2.2 'Surface-visible' palaeochannels and their potential date range

The adoption of aerial photographs as the primary data source effectively restricted the survey to 'surface-visible' palaeochannels only (this term is proposed to denote palaeochannels manifest at the land surface in a visually detectable form, in this case from the air). This represents only a subset (albeit a large subset) of the resource in toto. In particular, the usefulness of the technique is likely to be severely impaired in the perimarine zone, where the borehole record demonstrates the presence of both large palaeochannels and extensive ancient land surfaces, yet these features are masked from the air by deep alluvial sequences (Lillie 1998a; 1998b).

In addition, there is an inverse relationship between the age of a palaeochannel and its likely visibility from the air: processes of succession render channels progressively less visible; gradual alluvial deposition will eventually mask channels. Differing land-use patterns may greatly complicate this process: unploughed floodplain grassland, for example, appears to preserve relict dry channels almost indefinitely; channels may be artificially kept open or filled in.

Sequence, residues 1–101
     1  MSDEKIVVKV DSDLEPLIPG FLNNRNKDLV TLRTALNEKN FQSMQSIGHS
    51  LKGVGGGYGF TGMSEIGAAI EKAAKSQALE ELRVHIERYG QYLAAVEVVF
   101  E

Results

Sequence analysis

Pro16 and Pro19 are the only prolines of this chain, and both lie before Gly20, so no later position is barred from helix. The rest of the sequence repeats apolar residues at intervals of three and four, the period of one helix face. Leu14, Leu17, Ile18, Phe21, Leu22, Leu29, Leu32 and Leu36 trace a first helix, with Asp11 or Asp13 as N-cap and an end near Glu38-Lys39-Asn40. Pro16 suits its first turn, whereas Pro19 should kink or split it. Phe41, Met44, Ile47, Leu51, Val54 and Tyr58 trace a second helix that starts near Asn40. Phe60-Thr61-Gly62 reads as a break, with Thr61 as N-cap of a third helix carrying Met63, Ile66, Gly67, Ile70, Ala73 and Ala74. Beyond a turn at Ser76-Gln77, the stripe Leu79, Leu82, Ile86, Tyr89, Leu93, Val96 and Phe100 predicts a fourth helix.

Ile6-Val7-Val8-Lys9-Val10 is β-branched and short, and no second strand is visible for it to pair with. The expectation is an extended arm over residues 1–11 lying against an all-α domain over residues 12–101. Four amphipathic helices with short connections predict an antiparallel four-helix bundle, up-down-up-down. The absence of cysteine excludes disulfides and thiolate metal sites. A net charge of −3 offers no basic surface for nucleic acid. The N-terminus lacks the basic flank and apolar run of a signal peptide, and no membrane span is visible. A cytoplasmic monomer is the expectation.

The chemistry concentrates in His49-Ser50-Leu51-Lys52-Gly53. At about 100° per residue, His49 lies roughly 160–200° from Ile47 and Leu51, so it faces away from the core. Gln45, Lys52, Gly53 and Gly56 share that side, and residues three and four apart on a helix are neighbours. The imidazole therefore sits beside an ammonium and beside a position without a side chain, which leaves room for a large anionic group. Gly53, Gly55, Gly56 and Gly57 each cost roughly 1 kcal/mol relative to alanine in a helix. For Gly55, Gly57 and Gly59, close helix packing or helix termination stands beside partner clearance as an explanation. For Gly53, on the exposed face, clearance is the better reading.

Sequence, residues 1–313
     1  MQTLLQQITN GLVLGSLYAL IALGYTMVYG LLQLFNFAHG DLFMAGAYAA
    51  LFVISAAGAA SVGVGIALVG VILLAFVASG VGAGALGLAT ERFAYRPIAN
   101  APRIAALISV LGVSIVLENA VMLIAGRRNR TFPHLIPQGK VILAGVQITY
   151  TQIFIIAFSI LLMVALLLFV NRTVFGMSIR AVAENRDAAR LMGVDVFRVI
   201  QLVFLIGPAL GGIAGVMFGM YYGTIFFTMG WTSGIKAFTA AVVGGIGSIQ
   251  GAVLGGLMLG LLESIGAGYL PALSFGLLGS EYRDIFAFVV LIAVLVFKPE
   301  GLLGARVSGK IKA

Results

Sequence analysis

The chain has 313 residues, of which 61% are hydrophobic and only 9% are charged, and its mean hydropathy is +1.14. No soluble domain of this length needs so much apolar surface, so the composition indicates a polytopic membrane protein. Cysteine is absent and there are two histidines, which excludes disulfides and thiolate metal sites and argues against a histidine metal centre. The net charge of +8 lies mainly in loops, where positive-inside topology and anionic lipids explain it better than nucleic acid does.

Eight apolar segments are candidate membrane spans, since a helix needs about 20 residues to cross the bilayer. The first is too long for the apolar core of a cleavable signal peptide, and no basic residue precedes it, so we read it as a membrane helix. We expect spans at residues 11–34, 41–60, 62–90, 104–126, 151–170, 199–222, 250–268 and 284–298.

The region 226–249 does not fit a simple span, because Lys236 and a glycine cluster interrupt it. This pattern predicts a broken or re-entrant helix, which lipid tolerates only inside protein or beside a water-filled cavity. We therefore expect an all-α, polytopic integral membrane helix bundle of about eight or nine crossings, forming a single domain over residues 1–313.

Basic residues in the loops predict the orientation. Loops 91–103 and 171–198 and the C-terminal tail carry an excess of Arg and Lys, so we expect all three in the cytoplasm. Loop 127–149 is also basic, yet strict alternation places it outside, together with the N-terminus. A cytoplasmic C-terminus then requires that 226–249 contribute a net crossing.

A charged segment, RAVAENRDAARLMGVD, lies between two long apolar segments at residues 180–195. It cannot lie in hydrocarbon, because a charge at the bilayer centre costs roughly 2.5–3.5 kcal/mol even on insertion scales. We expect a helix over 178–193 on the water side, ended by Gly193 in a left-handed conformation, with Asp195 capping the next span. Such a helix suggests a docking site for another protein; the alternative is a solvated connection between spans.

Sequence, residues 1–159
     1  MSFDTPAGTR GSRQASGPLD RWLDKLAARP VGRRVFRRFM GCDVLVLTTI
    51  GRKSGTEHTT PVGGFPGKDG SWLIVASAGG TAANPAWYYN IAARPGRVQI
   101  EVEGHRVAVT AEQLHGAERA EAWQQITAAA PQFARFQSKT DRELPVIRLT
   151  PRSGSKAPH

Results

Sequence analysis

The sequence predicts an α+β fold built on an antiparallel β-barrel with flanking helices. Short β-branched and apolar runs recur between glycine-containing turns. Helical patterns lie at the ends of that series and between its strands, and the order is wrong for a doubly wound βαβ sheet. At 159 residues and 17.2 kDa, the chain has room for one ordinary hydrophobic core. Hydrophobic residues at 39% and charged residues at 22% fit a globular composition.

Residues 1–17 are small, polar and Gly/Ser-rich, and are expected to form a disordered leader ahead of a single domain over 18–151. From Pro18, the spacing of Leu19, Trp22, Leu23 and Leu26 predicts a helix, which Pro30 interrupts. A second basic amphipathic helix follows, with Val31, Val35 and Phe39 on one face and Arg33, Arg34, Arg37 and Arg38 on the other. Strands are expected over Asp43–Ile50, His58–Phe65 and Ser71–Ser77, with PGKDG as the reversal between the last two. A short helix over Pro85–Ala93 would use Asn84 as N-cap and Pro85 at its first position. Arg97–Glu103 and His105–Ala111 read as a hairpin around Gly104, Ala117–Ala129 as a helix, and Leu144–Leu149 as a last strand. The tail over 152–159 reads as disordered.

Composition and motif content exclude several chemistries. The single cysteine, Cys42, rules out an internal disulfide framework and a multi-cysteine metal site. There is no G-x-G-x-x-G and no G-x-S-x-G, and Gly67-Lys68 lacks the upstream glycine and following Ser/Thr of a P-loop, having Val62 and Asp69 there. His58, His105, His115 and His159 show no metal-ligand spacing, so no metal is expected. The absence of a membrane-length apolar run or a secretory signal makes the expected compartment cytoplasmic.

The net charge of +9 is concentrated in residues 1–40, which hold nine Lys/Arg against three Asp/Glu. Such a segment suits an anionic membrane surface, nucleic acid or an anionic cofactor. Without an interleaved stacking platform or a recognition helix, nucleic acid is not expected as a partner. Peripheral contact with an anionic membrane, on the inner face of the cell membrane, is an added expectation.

The possible age-range of surface-visible palaeochannels has a major bearing on the potential usefulness of the survey. Large and Petts (1996), in their survey of 28 major cut-off channels along the middle Trent, concluded that many of these channels are in fairly early stages of succession, suggesting a relatively recent origin. Navigation work – during the 18th century in particular – may account for these features, such as the meander cut-off at Sawley, Derbyshire. However, older channels may be preserved as dry depressions in floodplain grassland, as cropmarks in arable land, or may be fossilised in boundary features (hedge-lines, ditch- and stream-lines, parish boundaries) even when the palaeochannel itself is no longer visible. Channels forming parish boundaries suggest an origin within the early medieval period. Medieval palaeochannels at Hemington, Leicestershire, with dates ranging from the 8th to the 18th centuries AD (Ellis and Brown 1998; Cooper 2003) are clearly visible on aerial photographs. A surface-visible abandoned meander at Colwick, Nottinghamshire, was active during the later Iron Age or early Roman period (Salisbury et al. 1984). Outside the Trent Valley, surface-visible palaeochannels on the River North Tyne can be dated as far back as 5000 cal BC (Moores et al. 1999). So, although the surface-visible palaeochannel record is likely to be weighted in favour of more recent channels, the evidence suggests that a significant number of older channels are present. Indeed, in certain areas the entire Holocene sequence may be represented, although this cannot be predicted throughout the course of the valley.


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